As well as its pluses, Salesforce Analytics Cloud has negatives that will prevent it from being the only tool needed for analytics; again, it is designed for assembling and deploying dashboards and has elegant selection methods. Analysts and operations personnel who perform data discovery and exploration and want forward-looking forecasting and planning or predictive analytics will need a separate tool. Therefore organizations will have to budget their allocations for the needs of various roles. Salesforce has set a premium price for Wave: $125 per user per month for those that consume and interact with it and $250 per user per month for the analyst and administrator license. Salesforce is likely to gain adoption among Global 2000 customers that can afford the price point, but small and midsize organizations will find it challenging: The price is twice as expensive as Salesforce’s basic SFA offering, which is $65 per user per month. Comparatively its major applications competitor Oracle embeds the price of analytics in its Sales Cloud at $100 per user per month. Salesforce’s analytics and SFA combined will cost at least $190 per user per month. Whether it is worth this steep price will require a thorough assessment by organizations that do not have unlimited budgets for technology.
Salesforce Analytics Cloud is a good first step that will enable Salesforce to be taken seriously as an analytics provider. Our research finds that analytics is the top technology innovation priority, called important by 39 percent of organizations. Salesforce Analytics Cloud will gain attention for its sophisticated dashboards, but it is likely to complement established analytics products rather than replace them. Potential users excited by the new product and its engaging marketing should keep this context in mind. This reminds me of the advent of sales force automation, which helps in automating the recording and review of accounts, contacts and opportunities during the sales process but does not automate or manage the sales force itself. Many sales executives excited about SFA did not allocate sufficient budget and resources to applications that focus on other essential aspects of sales, such as managing coaching, compensation, quotas and territories. Organizations looking for interactive dashboards should examine Salesforce Analytics Cloud closely. While the price is high, it could eliminate the pain of using less intuitive approaches. Organizations also can examine alternatives from partners that are integrated with Salesforce today and are less expensive to deploy and use.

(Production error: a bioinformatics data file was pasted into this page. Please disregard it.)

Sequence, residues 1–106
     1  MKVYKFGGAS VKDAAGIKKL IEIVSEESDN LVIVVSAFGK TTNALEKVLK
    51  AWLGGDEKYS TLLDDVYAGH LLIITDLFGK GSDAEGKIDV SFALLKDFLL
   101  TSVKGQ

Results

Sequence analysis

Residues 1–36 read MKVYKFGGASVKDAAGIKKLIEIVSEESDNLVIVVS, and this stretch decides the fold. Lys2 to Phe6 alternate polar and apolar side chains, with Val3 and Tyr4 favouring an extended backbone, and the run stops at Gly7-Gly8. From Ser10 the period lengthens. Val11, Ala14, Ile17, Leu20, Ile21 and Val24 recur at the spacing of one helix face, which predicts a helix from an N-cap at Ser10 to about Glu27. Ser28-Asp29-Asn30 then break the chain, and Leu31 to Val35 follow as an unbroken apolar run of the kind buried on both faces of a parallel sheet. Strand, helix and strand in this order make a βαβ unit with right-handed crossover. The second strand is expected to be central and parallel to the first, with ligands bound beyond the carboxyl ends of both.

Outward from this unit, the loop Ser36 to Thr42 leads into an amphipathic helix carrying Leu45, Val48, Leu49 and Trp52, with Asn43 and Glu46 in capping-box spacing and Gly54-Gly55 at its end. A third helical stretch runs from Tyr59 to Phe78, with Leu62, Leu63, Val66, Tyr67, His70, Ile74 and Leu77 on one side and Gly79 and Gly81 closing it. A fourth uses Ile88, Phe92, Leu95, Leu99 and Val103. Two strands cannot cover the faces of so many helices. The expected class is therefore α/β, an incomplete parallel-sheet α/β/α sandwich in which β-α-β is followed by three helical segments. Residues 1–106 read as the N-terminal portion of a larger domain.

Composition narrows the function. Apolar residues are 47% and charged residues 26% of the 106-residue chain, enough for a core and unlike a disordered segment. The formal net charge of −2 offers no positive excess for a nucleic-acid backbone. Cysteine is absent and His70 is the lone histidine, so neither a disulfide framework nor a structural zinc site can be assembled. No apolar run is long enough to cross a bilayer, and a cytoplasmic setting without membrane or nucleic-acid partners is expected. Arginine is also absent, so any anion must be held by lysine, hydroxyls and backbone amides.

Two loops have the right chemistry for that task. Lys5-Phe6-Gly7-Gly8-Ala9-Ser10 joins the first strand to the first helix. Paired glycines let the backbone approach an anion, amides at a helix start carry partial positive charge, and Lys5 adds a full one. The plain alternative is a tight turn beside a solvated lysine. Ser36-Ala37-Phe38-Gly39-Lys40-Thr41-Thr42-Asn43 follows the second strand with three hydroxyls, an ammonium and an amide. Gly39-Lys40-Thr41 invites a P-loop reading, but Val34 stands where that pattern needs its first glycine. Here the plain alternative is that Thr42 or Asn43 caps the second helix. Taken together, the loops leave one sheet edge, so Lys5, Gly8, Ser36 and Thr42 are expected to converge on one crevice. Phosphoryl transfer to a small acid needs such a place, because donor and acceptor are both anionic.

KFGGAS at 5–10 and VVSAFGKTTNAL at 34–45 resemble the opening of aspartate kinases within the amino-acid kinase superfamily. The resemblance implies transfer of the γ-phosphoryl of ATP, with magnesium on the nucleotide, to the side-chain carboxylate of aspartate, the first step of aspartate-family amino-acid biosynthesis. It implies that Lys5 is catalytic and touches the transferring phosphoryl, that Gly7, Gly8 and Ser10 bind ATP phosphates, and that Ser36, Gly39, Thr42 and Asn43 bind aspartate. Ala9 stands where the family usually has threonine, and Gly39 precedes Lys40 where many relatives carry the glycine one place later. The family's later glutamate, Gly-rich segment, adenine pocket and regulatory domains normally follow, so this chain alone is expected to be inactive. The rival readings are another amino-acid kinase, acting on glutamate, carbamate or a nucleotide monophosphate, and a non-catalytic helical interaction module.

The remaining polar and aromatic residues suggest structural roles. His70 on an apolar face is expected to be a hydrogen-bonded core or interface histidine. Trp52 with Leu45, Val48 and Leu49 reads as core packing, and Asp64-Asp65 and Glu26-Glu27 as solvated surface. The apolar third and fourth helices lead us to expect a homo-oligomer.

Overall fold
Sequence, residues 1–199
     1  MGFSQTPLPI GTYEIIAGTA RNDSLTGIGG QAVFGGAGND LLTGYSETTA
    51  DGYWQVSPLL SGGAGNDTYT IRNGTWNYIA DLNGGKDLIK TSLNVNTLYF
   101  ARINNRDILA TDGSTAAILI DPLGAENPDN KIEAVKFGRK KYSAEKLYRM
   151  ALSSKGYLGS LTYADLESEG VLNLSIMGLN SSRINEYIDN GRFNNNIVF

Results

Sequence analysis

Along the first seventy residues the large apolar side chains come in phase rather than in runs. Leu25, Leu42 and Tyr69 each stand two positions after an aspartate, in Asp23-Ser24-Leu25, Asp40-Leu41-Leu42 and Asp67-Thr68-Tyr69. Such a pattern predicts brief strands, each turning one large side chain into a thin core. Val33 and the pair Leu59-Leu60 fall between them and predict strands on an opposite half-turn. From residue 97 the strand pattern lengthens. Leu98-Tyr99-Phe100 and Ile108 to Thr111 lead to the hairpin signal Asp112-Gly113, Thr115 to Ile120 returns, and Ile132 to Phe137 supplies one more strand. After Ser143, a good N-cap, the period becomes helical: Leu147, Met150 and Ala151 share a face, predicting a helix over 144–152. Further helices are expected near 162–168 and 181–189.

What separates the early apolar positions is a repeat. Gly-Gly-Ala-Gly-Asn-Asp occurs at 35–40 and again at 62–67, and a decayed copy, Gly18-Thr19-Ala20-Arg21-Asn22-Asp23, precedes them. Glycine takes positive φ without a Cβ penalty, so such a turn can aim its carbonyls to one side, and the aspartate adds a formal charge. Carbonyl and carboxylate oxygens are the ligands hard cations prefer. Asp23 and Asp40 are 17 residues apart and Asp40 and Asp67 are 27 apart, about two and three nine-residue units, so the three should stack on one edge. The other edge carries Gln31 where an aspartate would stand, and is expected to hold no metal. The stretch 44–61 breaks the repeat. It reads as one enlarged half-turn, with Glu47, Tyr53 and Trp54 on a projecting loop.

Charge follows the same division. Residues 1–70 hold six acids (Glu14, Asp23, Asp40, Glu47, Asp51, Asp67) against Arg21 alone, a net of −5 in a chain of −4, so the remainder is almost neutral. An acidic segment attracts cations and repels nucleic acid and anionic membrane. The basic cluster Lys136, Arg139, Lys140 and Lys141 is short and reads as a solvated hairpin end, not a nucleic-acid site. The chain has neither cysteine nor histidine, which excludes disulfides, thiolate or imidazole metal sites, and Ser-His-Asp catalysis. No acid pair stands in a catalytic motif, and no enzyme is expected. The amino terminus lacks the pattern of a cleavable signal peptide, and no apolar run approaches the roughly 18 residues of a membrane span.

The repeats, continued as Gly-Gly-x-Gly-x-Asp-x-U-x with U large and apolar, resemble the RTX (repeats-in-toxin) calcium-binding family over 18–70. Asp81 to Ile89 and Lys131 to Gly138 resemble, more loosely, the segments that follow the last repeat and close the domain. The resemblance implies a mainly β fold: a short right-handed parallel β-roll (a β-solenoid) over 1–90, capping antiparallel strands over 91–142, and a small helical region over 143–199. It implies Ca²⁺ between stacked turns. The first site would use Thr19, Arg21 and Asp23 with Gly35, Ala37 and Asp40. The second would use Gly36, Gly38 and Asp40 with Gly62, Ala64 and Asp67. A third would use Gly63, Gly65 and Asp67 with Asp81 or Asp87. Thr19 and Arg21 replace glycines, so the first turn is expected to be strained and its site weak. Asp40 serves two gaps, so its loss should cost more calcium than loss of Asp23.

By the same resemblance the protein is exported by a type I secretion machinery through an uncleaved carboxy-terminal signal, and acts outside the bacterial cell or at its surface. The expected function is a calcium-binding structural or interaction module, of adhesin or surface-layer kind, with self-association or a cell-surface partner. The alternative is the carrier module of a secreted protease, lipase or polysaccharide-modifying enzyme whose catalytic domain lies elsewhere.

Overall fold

Organizations using Salesforce applications for sales, marketing or customer service should evaluate Salesforce Analytics Cloud. Its elegance and interactivity in dashboards for both the Web and mobile devices are ahead of many competitors. Its sophisticated dashboards will attract organizations that want to present metrics more intuitively to business professionals. They should balance the price against the capabilities and determine whether to take this step toward being an analytics-driven organization. Salesforce Wave will impact the analytics market now and in the future, changing what businesses will expect from providers.
CEO and Chief Research Officer
At its Oracle OpenWorld the multibillion technology provider showcased the breadth and depth of its cloud computing applications and platform. Chairman Larry Ellison proclaimed it the only unified and open approach in the industry. He criticized other large application vendors that use multiple platforms to support their applications, use a proprietary layer that is not fully extensible, provide only a portion of applications needed to run the business or run on Oracle’s database technology. These technical merits may not be relevant to the decision-making processes of business but can be critical for CIO and IT. But the strength of the Oracle Cloud Computing portfolio, which includes infrastructure, platform, tools and applications, is so impressive that our firm awarded Oracle the Technology Innovation Award in Cloud Computing for 2014. This builds from my analysis earlier in the year on the overall efforts of Oracle for cloud computing.